Diagnosing parasites

Diagnosing parasites can require a combination of asking questions and administering tests. Providers can ask patients questions on the following topics:[]

  • Recent travel history: Some parasites are more common in some countries than in others.

  • Dietary choices: Some parasites can be passed through food sources, like unsanitary water, raw meat, or fruit washed in unsanitary water.

  • Interactions with pets or animals: Some parasites can be passed to humans from living animals or animal feces.

  • Suspected bug bites: Some insects can pass parasites to humans through bites.

  • Hygiene practices: Proper hygiene can reduce the risk of infections, including those caused by parasites.

Providers can conduct the following tests to diagnose a parasite:[]

  • Fecal or stool exams: These can be used to look for a parasite causing symptoms such as diarrhea, loose or watery stool, cramping, gas, or other abdominal illnesses, according to the CDC.

  • Colonoscopies and endoscopies: These procedures can be used to look for a parasite causing symptoms like diarrhea, loose or watery stool, cramping, gas, or other abdominal illnesses, particularly if a previous stool sample did not identify a parasite.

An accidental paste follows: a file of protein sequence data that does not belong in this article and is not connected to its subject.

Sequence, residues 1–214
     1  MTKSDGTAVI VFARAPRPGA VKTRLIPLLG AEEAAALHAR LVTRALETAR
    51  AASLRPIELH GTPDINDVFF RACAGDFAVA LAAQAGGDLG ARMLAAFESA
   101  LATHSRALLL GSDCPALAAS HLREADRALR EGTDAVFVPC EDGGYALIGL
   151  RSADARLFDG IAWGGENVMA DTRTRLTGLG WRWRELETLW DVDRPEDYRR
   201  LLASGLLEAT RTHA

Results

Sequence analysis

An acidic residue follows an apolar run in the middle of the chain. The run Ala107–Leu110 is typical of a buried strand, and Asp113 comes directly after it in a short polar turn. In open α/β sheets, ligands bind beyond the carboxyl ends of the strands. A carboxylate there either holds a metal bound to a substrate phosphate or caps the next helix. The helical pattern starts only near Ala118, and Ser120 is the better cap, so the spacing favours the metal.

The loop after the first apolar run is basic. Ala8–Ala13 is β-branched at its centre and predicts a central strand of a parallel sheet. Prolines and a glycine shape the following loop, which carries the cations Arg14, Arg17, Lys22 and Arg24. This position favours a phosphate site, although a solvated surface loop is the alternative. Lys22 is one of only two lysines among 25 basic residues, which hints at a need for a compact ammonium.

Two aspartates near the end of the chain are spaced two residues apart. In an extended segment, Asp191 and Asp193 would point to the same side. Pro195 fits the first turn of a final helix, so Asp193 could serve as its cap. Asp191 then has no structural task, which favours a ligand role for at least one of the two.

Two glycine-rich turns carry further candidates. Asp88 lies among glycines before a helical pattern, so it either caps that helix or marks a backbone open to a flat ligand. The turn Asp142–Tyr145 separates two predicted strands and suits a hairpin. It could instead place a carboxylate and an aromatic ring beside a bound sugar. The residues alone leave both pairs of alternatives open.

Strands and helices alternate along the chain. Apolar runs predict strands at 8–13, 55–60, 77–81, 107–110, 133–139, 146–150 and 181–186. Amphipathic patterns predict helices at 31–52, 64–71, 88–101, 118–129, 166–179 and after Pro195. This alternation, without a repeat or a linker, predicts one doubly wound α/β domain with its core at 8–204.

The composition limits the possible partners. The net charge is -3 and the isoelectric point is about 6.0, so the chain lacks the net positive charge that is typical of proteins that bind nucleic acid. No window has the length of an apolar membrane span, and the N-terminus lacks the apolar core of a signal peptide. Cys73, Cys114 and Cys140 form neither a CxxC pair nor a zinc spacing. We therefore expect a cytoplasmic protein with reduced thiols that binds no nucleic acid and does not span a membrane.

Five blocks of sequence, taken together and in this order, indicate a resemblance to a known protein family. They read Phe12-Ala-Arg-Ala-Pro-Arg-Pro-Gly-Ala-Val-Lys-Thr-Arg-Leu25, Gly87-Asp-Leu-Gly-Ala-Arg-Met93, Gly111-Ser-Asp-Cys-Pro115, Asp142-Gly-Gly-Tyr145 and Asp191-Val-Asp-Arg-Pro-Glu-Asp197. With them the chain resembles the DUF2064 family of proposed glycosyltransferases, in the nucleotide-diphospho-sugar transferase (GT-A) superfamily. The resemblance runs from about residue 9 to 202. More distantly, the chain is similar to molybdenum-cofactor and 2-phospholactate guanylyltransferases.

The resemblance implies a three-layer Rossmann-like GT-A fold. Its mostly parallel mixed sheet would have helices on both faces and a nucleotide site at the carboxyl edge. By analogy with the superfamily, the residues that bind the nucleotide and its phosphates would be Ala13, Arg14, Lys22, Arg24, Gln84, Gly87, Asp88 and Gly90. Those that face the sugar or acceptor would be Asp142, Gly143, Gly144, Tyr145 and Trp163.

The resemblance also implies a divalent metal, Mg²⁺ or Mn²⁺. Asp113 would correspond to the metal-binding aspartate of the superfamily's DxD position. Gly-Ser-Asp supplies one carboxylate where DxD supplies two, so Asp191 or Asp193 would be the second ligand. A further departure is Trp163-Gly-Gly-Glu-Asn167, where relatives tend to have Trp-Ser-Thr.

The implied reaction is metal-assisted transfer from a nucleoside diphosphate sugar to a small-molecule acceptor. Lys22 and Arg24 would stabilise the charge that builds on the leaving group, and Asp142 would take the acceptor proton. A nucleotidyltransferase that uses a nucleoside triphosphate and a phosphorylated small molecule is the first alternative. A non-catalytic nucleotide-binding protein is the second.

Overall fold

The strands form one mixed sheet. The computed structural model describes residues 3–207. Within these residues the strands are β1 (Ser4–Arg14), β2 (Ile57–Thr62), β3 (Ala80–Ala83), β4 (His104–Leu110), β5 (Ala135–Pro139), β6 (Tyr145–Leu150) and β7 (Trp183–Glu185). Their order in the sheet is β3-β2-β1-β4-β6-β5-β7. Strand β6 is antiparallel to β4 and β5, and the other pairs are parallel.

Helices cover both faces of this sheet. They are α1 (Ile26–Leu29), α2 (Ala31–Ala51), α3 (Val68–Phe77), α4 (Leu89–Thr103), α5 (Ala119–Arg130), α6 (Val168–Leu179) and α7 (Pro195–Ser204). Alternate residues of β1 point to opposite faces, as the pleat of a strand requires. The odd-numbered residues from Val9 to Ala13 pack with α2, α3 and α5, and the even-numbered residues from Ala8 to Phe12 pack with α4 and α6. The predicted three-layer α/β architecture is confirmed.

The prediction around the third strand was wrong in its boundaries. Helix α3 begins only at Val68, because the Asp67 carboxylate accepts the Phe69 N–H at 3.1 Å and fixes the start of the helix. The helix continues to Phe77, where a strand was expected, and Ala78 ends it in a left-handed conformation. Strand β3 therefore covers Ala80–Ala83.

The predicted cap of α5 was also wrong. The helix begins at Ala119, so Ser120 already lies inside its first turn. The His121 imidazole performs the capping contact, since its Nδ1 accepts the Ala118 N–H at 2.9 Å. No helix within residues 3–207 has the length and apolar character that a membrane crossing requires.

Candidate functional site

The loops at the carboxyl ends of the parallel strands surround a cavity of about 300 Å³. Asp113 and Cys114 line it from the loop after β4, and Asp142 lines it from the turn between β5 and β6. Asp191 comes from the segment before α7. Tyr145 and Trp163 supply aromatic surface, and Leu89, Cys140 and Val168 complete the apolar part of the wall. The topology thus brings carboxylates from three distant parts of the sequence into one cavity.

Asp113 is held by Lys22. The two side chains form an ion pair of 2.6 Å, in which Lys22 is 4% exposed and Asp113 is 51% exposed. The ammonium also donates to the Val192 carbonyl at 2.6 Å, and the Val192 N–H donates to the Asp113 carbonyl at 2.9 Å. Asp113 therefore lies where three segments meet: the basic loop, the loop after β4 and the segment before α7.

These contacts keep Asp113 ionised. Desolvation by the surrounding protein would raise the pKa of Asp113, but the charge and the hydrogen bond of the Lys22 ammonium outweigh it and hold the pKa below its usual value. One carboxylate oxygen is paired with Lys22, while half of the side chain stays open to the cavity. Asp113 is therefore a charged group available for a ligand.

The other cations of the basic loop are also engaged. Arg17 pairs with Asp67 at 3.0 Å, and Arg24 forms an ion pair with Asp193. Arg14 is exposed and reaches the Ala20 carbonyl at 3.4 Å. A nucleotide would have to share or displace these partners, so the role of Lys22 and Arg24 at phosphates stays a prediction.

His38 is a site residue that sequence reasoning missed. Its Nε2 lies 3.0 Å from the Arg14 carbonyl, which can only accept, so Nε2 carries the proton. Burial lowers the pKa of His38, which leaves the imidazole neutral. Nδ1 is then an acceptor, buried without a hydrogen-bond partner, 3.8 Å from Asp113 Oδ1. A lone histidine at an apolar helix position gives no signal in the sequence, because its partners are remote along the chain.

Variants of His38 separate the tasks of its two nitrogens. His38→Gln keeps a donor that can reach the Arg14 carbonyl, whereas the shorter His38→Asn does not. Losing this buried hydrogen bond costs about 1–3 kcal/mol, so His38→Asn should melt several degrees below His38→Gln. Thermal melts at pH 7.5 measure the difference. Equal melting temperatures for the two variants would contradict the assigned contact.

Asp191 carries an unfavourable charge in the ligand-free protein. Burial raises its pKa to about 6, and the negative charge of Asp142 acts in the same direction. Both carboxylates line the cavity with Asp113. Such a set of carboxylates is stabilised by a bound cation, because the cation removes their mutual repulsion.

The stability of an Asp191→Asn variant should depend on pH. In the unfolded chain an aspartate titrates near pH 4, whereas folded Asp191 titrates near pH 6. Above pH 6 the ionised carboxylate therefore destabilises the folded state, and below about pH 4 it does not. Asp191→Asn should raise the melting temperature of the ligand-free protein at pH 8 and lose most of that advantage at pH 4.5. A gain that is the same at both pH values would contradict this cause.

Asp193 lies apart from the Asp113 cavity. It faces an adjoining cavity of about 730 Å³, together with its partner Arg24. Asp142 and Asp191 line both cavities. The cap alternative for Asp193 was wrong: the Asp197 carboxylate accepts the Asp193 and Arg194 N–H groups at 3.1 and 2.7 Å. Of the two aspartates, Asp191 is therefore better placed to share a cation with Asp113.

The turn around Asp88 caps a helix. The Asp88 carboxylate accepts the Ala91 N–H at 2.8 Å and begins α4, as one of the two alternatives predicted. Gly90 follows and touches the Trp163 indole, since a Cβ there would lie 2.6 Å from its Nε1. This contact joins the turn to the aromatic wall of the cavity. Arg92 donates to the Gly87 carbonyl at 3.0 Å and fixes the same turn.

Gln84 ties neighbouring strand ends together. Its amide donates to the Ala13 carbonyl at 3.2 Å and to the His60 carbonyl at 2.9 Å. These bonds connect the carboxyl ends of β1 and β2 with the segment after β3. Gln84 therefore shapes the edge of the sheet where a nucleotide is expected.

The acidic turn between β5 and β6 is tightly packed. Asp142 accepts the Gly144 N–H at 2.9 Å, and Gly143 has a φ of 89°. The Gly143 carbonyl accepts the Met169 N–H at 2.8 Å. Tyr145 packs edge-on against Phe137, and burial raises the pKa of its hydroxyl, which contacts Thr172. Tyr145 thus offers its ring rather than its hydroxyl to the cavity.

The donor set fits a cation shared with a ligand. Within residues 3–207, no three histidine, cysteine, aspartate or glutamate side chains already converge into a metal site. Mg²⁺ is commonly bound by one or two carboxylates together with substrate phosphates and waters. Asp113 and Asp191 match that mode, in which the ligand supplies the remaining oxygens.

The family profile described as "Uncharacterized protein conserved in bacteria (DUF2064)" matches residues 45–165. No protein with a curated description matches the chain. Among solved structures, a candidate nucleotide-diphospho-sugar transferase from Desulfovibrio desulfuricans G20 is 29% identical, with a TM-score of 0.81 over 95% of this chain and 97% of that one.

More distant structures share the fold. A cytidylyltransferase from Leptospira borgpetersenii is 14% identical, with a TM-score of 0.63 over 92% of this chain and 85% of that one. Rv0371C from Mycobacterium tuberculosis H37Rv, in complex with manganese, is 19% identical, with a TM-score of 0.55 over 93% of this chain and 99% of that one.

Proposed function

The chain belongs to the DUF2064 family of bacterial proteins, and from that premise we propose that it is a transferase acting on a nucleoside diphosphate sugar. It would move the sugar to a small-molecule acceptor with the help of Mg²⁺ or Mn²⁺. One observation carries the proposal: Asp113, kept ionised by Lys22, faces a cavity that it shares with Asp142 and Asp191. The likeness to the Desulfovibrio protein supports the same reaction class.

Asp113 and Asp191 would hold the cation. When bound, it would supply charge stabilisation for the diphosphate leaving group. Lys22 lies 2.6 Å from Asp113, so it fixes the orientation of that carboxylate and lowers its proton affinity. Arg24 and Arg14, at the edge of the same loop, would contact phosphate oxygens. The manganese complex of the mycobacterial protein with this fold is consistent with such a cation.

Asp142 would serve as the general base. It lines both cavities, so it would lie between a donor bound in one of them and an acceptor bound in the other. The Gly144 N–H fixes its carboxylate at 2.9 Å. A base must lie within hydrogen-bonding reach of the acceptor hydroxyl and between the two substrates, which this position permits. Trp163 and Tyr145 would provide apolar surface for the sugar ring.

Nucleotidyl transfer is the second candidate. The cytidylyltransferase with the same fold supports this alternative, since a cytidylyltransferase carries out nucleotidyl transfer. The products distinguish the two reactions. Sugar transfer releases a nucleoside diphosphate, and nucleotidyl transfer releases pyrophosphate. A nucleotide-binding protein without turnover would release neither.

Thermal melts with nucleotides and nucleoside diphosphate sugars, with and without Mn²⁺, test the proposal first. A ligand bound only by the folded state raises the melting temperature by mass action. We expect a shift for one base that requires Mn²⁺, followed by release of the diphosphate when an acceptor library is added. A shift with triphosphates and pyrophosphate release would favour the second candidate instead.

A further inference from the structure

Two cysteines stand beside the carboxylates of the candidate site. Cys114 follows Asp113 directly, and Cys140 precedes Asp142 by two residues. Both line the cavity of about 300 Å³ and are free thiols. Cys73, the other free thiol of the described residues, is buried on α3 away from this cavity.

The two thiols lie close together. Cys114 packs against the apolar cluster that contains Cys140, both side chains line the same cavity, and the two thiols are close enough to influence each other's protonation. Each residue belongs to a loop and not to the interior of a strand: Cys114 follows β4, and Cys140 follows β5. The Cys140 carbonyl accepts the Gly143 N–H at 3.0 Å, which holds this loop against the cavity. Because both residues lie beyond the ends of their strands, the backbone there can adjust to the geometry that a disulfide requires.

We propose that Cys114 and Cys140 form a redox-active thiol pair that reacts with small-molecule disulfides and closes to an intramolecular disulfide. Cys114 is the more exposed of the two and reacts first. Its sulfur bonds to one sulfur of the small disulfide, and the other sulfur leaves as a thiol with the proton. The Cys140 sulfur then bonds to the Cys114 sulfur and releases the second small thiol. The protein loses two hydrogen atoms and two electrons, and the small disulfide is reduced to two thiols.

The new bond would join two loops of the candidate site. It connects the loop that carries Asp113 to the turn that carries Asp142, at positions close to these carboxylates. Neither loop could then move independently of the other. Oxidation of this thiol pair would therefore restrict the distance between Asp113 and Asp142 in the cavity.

• X-rays, MRIs, or CAT scans: These tests can help identify some parasitic diseases that cause lesions in organs.

  • Blood tests: Blood tests can be conducted to look for specific parasites but can’t give a comprehensive picture of every parasite.

Two available blood tests for parasites include a serology test, which is used to look for parasite antigens, and a smear test, which is used to look for parasitic diseases in the blood, such as filariasis, malaria, or babesiosis.

Administering additional tests may be helpful when dealing with a case in an unusual location, such as the eye. 

Chris McDermott, MSN, APRN-IP, AGPCNP-C, CLCP, a nurse practitioner, suggests that doctors utilize “advanced imaging techniques tailored to the suspected location of the parasite,” like optical coherence tomography (OCT), to help with a suspected ocular parasite diagnosis.

“[OCT] can provide high-resolution images of ocular structures, aiding in the detection of subtle abnormalities caused by parasitic infestations,” McDermott tells MDLinx. “These imaging modalities enable clinicians to visualize the affected areas with precision, facilitating accurate diagnosis and prompt initiation of appropriate treatment measures to mitigate potential complications.”

What this means for you

Parasites can cause harm to the body, which often can only be stopped through surgical or non-surgical removal. Doctors can help patients get a head start on parasite treatment by detecting cases early. Ask your patients about travel history and hygiene practices, in addition to conducting tests, if they appear to be at risk of a parasitic disease.